The Love Smart Contract Language: Introduction & Key Features — Part I

David Declerck
Feb 1 · 7 min read

By De Oliveira Steven & David Declerck

What Is Love?

Love is a new native smart contract language for the Dune Network, meant to coexist alongside with Michelson. Also designed with formal verification in mind, Love offers new exclusive features to improve smart contracts design and implementation, among which:

  • direct read-only access to another contract’s storage
  • library contracts that can be either statically or dynamically referenced
  • easy-to-read target language for higher-level languages
  • high-level enough so that contracts can also be directly written in Love.

In this first article, we will introduce the basics of the language. The next article, Part 2, will introduce the module system, used to easily compose smart contracts.

Why Love?

The former smart contract language on the Dune Network, Michelson — inherited from Tezos — has been designed with its implementation using GADTs in mind. GADTs are a powerful feature of the OCaml type-system, but they come with many drawbacks: they make the language limited, constrained and hard to change. As a result, anyone who tried to write a (non-trivial) smart contract in Michelson knows how tedious it can be: it has a very restricted set of instructions, is rather hard to read for the uninitiated (and not straightforward for the initiated), making contract auditing an almost impossible task, and its stack is tricky to deal with. In particular, accessing variables requires to constantly remember their position in the stack and the current stack height, which is error-prone. This also makes it harder to use Michelson as a target language for compilation.

With this in mind, and notwithstanding the qualities of the Michelson language, we wanted to offer a more general-purpose alternative language, hence Love, also amenable for formal verification.

Basic Contract Structure

Love is a functional language, and borrows its syntax both from Liquidity and OCaml. As Love is a target language, developers are not supposed to write directly in Love. In this article, we will still write some contracts in Love, to better understand how it works.

Before entering the details of the language, let’s start with a simple smart contract that counts how many times it was called and how many DUNs it received:

#lovetype storage = {
total : dun;
calls : nat;
}
val%init storage (_ : unit) = {
total = 0.0dn;
calls = 0p;
}
val%entry main (s : storage) (amount : dun) (_ : unit) =
let total = s.total +$ amount in
let calls = s.calls ++ 1p in
[][:operation], { total; calls }

All Love smart contracts share the same basic structure. The very first line must begin with a directive, to distinguish them from the Michelson smart contracts (which should now start with a directive, although if missing, the language will default to Michelson).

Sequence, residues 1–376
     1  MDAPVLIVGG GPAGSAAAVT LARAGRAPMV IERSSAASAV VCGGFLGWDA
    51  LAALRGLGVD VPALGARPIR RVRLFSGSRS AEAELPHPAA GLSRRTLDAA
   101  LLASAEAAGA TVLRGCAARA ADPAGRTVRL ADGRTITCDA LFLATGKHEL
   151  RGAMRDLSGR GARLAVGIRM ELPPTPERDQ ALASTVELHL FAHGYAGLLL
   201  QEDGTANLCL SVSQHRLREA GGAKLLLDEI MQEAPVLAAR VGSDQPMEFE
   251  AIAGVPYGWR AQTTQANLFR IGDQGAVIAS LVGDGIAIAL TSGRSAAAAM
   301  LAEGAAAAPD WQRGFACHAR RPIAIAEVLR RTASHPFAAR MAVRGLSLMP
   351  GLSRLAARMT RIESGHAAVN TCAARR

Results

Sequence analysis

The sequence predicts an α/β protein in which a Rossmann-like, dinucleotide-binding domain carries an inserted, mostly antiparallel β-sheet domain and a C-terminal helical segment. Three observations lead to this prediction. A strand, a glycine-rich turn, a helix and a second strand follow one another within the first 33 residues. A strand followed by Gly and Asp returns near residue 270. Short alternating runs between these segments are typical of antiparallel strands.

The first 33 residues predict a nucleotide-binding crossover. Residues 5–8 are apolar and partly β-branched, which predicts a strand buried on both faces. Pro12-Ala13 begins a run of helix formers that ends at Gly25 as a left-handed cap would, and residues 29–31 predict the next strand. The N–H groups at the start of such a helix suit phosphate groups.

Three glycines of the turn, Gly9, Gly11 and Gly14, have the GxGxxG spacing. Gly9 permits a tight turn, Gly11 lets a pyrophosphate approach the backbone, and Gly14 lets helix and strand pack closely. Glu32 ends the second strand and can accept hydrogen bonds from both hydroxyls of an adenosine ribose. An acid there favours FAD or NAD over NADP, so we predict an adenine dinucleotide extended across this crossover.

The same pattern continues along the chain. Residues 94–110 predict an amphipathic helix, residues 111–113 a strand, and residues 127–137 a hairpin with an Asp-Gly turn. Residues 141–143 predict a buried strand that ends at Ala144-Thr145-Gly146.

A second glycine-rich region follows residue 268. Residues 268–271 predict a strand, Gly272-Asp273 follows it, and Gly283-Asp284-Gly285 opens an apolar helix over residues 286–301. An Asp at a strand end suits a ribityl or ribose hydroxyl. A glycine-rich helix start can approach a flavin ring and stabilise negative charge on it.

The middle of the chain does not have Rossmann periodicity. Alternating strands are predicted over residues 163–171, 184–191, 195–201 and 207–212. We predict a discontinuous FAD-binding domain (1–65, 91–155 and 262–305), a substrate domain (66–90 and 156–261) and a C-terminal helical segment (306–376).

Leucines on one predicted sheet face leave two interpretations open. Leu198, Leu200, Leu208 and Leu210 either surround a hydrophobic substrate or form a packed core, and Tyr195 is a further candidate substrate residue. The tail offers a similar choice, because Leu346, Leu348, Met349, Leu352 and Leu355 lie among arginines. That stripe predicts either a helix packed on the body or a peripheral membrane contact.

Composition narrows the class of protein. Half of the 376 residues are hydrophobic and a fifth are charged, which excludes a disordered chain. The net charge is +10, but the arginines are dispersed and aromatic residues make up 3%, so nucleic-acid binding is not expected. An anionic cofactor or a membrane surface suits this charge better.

Then follows one or more type declarations, one of them being the mandatory storage type declaration, which specifies the layout of the contract data. As in Liquidity and OCaml, these can be either record types, sum types, tuples, or just aliases to other types. In the above example, the storage type is a record containing two fields, total of type dun (the type of amounts) and calls of type nat (natural numbers). Many different types exist, such as bool, int, string, bytes, keyhash, address… You may refer to the Love documentation for a complete list of types.

After this, a storage initializer should be specified. It is a unique function named storage, introduced with and having a single argument, used to produce the initial storage of the contract when it is originated. If a storage initializer is not specified, then the programmer will have to manually build an initial storage in order to originate the contract. In our example, the storage initializer does not use its argument, so it is given a type unit and no name. It sets the field total to 0 DUN and the field calls to 0. Notice how these constants are written: an amount in DUN ends with dn, and a natural number ends with p (whereas an integer would have no suffix). Check the documentation for how to write constants in Love.

Finally, a contract defines one or more entrypoints, which are functions introduced with the keyword and which take three arguments: the contract storage, the transaction amount, and a parameter. The type of the two first argument is fixed, thus it is not mandatory to specify them. Also, entrypoints return a pair of values: a (possibly empty) list of operations (transactions or originations), and the new value of the storage. The returned operations are performed after the contract has finished its execution. In our example, the entrypoint main adds the amount of duns received to the total amount of DUN memorized in the storage s, increments the number of calls by one, builds a new storage with these values, and returns a pair composed of an empty list of operations and this new storage.

Two important aspects of the Love language are displayed in this simple contract: